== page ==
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Int J Biochem Cell Biol. 2002 Jan;34(1):10-23.

Low-density lipoprotein receptors in the uptake of tumour photosensitizers by human and rat transformed fibroblasts.

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Department of Biology, University of Padova, via U. Bassi 58/B, 35131 Padova, Italy.


Low-density lipoproteins (LDL) increase the selectivity of tumour targeting by drugs, including sensitisers for photodynamic therapy, because of the enhanced expression of specific LDL receptors in many types of transformed as compared with non-transformed cells. This investigation aims at gaining more information on the role of LDL receptors in the accumulation of photosensitizer-LDL complexes by human and rat transformed fibroblasts, and the interference of the photosensitizer with LDL recognition by the specific receptors. Both an amphiphilic hematoporphyrin IX (Hp) and a hydrophobic Zn(II)-phthalocyanine (ZnPc) photosensitizers bind to human LDL with molar ratios of 5-6:1 and 10-12:1, respectively. The hematoporphyrin-LDL complex is accumulated by human HT1080 fibroblasts mainly through the high affinity LDL receptors, while the Zn-phthalocyanine-LDL complex is internalised through non specific endocytosis because of changes in the apoB LDL structure induced by phthalocyanine association, as suggested by spectroscopic studies. The uptake of LDL-delivered hematoporphyrin, but not Zn-phthalocyanine, is about 4-fold higher in HT1080 cells stimulated for maximal expression of LDL receptors as compared with non-stimulated cells. This difference is abolished by LDL acetylation. Human LDL-bound hematoporphyrin and Zn-phthalocyanine are up taken by stimulated and non-stimulated 4R rat fibroblasts with similar efficiency. Scatchard plot analysis of human (125)I-LDL binding to 4R cells shows the presence of only low affinity receptors while 350,000 high affinity receptors are expressed per HT1080 cell. It is concluded that a careful evaluation of the lack of conformational changes of LDL is critical for guaranteeing the selectivity and efficiency of photosensitizer delivery to tumour cells.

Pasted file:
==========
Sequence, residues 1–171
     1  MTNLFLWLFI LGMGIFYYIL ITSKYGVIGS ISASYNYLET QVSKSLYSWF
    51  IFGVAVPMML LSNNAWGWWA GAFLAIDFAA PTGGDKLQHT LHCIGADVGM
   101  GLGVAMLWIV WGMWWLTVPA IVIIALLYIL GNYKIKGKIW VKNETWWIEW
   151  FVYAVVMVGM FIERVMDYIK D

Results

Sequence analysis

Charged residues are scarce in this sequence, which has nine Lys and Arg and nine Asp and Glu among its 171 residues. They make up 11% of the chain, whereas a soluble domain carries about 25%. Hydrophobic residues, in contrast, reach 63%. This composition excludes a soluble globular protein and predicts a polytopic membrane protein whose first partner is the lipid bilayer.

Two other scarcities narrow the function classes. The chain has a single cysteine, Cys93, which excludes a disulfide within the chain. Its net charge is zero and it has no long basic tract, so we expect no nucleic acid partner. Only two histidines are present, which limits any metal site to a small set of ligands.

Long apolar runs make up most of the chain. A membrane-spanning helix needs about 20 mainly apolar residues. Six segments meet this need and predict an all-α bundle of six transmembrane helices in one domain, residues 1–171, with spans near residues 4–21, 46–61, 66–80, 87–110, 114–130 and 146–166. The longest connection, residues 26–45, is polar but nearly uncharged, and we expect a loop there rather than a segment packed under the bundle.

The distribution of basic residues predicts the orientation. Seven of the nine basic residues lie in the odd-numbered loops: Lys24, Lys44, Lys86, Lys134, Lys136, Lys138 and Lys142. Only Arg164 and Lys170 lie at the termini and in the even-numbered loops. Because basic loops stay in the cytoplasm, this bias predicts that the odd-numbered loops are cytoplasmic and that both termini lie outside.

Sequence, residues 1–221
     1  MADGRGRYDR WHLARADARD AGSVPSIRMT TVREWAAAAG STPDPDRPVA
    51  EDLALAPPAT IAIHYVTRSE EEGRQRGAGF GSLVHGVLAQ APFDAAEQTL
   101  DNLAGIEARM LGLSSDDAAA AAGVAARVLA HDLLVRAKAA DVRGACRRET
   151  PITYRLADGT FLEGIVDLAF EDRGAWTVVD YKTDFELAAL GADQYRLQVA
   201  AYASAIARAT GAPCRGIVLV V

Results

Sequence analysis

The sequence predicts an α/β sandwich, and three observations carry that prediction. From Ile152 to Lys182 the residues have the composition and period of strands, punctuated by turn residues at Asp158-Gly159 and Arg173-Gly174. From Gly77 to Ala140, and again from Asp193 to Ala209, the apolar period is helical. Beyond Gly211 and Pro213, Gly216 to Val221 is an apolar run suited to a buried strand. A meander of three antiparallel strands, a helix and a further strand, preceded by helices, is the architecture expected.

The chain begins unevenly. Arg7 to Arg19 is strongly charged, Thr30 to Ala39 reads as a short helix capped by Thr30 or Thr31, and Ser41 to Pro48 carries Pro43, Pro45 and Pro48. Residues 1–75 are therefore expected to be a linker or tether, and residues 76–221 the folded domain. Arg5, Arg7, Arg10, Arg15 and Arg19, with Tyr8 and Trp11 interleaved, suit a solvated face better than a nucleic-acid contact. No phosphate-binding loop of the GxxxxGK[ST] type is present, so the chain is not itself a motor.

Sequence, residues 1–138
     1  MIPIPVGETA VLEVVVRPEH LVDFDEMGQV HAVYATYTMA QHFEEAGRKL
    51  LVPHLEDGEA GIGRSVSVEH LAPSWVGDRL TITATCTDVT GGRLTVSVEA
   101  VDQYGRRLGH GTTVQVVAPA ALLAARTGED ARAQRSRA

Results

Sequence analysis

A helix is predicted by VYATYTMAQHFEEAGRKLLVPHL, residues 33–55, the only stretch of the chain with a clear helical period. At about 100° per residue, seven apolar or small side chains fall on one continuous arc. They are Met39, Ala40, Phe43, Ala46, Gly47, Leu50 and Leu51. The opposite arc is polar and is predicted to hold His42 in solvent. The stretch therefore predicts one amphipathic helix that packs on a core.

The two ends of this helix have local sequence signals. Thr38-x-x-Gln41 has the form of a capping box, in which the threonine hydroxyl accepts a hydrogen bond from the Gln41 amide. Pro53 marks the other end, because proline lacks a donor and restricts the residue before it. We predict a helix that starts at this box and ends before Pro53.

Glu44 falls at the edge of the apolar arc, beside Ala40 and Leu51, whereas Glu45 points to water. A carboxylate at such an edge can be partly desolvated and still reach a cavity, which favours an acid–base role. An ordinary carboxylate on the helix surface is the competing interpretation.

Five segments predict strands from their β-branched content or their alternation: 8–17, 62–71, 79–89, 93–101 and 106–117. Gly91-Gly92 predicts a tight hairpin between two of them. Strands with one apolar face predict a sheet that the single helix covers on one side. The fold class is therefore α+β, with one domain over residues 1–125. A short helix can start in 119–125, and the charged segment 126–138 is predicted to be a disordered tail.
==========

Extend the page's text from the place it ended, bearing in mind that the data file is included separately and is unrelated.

[Indexed for MEDLINE]

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